On June 10, 1940, Italy declared war on Britain. On the following morning, Italian bombers attacked Malta (then a British colony). Lonely Planet Malta picks up our story:
The only aircraft available on the islands on June 11 were three Gloster Gladiator biplanes–quickly named Faith, Hope and Charity–whose pilots fought with such skill and tenacity that Italian pilots estimated the strength of the Maltese squadron to be in the region of 25 aircraft!
Did the Italians ever acquit themselves well during World War II? I only ever seem to hear about Italian defeats.
Anyway, the story of Malta during World War II is fascinating, and I’d love to read a book length account (the aforementioned Lonely Planet recommends Siege: Malta, 1940 – 1943) of that period.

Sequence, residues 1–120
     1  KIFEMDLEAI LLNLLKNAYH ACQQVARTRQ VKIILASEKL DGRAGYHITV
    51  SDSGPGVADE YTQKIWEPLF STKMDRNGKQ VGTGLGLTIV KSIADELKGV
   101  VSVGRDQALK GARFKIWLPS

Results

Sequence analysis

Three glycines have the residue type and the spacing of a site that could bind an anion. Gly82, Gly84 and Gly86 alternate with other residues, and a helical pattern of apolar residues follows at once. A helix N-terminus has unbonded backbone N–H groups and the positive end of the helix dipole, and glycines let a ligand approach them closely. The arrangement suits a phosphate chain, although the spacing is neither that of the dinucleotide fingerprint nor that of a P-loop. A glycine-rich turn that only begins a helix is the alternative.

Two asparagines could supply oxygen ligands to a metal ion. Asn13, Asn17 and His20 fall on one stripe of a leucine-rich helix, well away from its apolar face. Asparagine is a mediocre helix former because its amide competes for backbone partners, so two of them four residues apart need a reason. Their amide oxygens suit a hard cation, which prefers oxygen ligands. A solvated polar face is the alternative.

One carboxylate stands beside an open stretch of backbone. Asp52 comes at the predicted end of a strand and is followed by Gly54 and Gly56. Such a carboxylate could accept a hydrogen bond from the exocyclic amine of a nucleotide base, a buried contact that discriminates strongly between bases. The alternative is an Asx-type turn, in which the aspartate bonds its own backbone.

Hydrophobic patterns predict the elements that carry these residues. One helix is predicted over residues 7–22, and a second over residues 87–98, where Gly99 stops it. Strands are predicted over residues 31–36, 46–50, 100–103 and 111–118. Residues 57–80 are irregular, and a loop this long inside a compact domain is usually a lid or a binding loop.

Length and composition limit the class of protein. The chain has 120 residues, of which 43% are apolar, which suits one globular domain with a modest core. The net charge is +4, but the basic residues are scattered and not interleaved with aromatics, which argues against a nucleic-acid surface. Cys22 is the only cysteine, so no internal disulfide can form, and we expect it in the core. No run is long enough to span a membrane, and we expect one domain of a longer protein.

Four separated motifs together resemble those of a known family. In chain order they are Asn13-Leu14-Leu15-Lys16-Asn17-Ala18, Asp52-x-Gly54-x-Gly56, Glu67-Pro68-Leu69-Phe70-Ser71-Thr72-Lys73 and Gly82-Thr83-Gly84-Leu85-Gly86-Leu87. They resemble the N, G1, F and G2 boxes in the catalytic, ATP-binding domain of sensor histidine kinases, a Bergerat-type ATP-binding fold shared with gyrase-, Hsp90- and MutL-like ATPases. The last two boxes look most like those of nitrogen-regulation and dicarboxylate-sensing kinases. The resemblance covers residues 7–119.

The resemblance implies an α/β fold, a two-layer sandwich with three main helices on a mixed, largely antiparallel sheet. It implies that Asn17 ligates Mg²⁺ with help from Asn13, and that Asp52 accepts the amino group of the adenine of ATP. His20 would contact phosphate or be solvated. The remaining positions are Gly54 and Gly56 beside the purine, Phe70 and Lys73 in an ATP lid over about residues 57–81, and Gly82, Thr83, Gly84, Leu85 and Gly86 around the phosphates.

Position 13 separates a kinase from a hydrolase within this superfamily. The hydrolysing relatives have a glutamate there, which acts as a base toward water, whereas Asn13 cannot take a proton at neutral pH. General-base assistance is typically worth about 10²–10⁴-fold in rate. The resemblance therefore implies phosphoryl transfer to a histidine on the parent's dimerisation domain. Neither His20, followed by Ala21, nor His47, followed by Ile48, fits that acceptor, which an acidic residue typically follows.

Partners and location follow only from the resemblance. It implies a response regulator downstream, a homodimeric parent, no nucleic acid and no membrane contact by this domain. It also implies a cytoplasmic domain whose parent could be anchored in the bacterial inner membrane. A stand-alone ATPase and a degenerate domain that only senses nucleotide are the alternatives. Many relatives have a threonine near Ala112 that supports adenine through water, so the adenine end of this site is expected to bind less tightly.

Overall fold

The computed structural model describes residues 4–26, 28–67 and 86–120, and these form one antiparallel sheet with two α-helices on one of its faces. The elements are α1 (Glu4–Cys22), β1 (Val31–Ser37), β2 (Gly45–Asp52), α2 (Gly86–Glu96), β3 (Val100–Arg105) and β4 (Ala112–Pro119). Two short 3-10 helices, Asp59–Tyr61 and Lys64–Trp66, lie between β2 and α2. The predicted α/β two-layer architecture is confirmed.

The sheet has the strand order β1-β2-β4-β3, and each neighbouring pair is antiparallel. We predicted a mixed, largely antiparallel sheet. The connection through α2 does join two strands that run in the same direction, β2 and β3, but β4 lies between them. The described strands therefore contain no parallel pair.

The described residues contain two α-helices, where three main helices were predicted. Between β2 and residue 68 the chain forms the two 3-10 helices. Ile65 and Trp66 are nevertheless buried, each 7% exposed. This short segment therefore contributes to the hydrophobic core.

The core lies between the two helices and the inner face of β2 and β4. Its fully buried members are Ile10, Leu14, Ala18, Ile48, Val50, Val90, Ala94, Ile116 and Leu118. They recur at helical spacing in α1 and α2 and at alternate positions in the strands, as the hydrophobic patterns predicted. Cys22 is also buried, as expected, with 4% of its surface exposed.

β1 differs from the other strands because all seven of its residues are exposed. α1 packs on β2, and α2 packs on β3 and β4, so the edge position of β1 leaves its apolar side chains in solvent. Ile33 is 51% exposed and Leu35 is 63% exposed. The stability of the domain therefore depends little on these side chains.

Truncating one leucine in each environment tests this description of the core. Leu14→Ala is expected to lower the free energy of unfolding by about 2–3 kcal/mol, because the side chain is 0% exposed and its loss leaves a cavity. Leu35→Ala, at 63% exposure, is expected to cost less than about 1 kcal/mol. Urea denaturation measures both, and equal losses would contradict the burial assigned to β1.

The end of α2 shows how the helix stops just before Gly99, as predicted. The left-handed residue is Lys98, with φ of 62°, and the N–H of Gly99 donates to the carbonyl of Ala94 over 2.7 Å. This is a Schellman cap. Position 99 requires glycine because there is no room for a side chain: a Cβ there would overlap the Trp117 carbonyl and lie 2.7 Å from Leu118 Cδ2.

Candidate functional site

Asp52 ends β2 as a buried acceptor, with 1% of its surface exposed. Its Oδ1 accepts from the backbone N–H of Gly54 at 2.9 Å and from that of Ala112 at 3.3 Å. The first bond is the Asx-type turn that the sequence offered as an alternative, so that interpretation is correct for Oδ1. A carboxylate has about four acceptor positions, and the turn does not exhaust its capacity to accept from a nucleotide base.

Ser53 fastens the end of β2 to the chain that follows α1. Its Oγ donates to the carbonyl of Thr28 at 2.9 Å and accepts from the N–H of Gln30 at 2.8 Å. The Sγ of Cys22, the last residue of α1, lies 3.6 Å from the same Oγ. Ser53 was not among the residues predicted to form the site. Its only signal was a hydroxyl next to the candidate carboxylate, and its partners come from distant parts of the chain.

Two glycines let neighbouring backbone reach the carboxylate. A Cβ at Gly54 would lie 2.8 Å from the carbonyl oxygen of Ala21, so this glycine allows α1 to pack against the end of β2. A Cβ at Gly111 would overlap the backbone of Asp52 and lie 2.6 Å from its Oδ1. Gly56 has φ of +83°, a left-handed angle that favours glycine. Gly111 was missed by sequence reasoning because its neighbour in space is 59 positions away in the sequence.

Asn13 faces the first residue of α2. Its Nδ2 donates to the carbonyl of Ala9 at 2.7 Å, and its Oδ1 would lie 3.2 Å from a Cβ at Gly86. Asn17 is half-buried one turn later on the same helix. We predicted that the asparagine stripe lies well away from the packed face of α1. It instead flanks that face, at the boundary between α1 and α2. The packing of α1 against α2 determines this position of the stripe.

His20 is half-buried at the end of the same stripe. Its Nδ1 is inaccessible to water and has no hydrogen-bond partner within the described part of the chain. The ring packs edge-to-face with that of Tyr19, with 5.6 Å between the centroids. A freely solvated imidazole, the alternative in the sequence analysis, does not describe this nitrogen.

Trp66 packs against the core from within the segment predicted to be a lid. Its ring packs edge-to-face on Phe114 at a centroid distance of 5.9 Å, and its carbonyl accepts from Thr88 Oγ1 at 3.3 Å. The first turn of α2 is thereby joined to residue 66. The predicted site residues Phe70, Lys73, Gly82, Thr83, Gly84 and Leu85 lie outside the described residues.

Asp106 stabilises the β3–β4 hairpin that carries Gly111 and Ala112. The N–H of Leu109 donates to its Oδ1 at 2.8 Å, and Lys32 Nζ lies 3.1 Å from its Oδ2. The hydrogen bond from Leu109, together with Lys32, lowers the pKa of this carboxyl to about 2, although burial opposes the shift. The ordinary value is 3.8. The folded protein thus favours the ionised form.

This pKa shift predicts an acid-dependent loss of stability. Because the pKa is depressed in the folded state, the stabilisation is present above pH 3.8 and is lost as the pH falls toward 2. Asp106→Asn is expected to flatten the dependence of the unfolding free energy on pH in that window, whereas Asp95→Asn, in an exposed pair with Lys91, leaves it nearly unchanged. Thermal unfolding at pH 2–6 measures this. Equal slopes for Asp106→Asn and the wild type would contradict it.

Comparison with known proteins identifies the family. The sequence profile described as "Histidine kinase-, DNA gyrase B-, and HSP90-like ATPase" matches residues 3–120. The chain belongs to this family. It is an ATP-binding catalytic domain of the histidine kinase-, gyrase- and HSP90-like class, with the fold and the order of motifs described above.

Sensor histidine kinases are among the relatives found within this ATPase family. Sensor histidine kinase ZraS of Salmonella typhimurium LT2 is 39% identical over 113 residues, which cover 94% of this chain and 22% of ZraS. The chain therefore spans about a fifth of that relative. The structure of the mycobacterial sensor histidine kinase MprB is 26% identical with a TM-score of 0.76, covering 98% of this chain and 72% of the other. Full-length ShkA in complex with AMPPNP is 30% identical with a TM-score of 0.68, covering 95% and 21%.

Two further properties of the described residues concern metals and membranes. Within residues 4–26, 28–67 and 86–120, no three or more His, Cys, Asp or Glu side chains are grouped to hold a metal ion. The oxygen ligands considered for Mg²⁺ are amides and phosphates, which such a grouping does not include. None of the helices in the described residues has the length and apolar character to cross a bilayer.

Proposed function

If you think the London Blitz was bad news for the British, consider that in 1942 the island suffer ed154 days and nights of continuous bombing. That compares with 57 days at the height of the aerial attacks on London.
Though the island was constantly attacked for three years, they never surrendered, and provided a critical tactical advantage for the allies in the Mediterrenean.